Baking Soda?

Discussion in 'Cleaning' started by funetical, Oct 8, 2009.

  1. Oct 8, 2009 #1

    funetical

    funetical

    funetical

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    I unplugged my fridge in order to defrost and now it smells terrible. I put baking soda in it last night woke this morning and it still smells horrible. Any clues?
     
  2. Oct 8, 2009 #2

    Billvila

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    Scrub it with boric acid. If it's mold you have to do it that way. The presence of bleach makes the spores close and keeps the mold alive.
     
  3. Oct 9, 2009 #3

    Nestor_Kelebay

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    Fridges will often smell when you take them out of service for a while. However, once they're back in the cooling mode, the smell goes away. I really don't know what causes that smell since fridges don't generally get very dirty.

    Bobvila: Where does one buy boric acid?
     
  4. Oct 9, 2009 #4

    Nestor_Kelebay

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    Bobvila: Can you please provide a credible online reference to confirm that cleaning with boric acid will do anything at all for a smelly fridge. I've googled (boric refrigerator) and have found nothing at all about cleaning a fridge with boric acid. All I'm finding is advice to spread boric acid around and under a refrigerator to eliminate cockroaches. If cleaning with boric acid will solve the problem, then surely there should be something on the internet about it.

    Funetical: The problem you're experiencing is worst in older fridges. If you go to any appliance parts store, you're likely to find an aerosol spray called Ozium. This is a spray meant to deodorize smelly fridges. You spray the Ozium in both the fridge and freezer c compartments and then close the fridge doors.
     
  5. Oct 12, 2009 #5

    Billvila

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  6. Oct 14, 2009 #6

    funetical

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    I've heard of it. 20 mule team.
     
  7. Oct 14, 2009 #7

    woodchuck

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    20 mule team borax. They were the sponsor of an old western in the 50's on TV. That's all I know about borax except what I read in this article. Borax: The Twenty Mule Team.
     
  8. Oct 14, 2009 #8

    Nestor_Kelebay

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    I'm willing to try cleaning with Borax, BUT...

    Boric acid and Borax are not at all the same thing.

    Boric acid is a boron atom bonded to three (-OH) groups.

    Borax is a ionically bound salt that contains sodium.

    I believe the "active ingredient" in both is the boron that may have insecticidal properties just as both copper, arsenic and zinc have biocidal properties. However, I have trouble with the notion that Boric Acid or Borax would be more effective in killing bacteria (which are most commonly the source of foul smells) than bleach. I say that because a quick Google search will reveal that Boric acid and Borax are most commonly used to rid houses of insects like ants, silverfish and cockroaches. If either also worked well to remove odors from old fridges, it would be common knowledge, and it wouldn't be hard to find any reference to that application on the internet. Instead, you find nothing on the internet about that.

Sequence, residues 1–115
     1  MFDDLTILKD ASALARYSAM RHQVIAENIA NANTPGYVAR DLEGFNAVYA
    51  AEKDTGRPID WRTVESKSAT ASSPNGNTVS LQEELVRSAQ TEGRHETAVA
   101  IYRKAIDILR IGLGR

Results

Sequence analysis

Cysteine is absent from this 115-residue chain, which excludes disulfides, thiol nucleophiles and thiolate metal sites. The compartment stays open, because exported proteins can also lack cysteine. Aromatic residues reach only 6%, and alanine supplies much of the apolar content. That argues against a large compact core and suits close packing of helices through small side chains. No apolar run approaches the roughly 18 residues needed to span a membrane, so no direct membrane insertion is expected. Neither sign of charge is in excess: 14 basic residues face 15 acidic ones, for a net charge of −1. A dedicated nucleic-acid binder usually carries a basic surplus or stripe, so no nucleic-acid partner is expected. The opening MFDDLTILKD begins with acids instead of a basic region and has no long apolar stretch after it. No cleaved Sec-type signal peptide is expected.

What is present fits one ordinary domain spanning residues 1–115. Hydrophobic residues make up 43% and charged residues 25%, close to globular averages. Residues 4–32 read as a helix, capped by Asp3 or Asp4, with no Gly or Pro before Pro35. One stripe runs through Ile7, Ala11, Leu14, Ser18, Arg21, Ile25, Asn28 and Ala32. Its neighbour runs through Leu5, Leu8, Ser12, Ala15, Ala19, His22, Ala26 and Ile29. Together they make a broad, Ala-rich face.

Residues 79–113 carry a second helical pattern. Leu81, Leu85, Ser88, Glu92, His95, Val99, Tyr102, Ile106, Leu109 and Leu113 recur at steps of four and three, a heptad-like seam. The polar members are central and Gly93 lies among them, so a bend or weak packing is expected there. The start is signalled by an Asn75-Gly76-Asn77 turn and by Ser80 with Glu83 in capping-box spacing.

I'm willing to try cleaning a fridge with Borax or Boric Acid, whichever is recommended, but I remain skeptical. I do know, however, that borates are very effective against mold and fungii, so I'd be open to the idea of cleaning mildew off walls or grout in a bathroom with Borax or Boric Acid. However, mold and fungii belong to a totally different genus than bacteria, so what may work well to kill molds and fungii might not do anything at all to bacteria, and vice versa. For example, borax is even used as a food additive in some countries because of it's low toxicity. But, it's highly effective against some insects and most molds and fungii.
     
  9. Oct 15, 2009 #9

    funetical

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    I love you Nestor. Will you adopt my house?
     
  10. Oct 15, 2009 #10

    funetical

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    Don't know. There was general use stains. That's it I left it unplugged for some time came back entire house smelled horrible. Cleaned it out. Scrubbed with hot water soap. Plugged it back in smell died down. It still smells bad though. Maybe a fan issue? Mold in the fan? I don't know how fridge's work.
     
  11. Dec 25, 2009 #11

    stevensonjames88

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    Try putting coal in a cup inside the refrigerator. This will suck the foul smell inside your ref. I also use baking soda once in a while but this thing seems to lose its absorbing power by one day only. Coal is more effective. If you really want to use baking soda, I bet its meant to be use for scrubbing the ref when you try to clean it.
     
  12. Jan 15, 2010 #12

    frozenstar

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    I tried to use a coal before to remove the bad smell on our fridge. And I believe it worked well. :) Anyway, thanks for the good advice Nestor! ;)
     

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